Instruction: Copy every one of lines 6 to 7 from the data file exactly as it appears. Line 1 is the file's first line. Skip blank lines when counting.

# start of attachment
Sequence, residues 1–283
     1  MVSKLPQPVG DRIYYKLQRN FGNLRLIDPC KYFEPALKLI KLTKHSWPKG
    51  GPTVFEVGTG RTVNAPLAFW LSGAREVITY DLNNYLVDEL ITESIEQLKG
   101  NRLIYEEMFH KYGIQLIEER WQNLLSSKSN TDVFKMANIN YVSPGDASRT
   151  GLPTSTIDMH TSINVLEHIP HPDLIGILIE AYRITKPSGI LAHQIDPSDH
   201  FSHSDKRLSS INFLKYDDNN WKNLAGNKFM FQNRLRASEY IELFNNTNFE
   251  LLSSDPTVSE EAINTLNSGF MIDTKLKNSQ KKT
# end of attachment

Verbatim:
   201  FSHSDKRLSS INFLKYDDNN WKNLAGNKFM FQNRLRASEY IELFNNTNFE
   251  LLSSDPTVSE EAINTLNSGF MIDTKLKNSQ KKT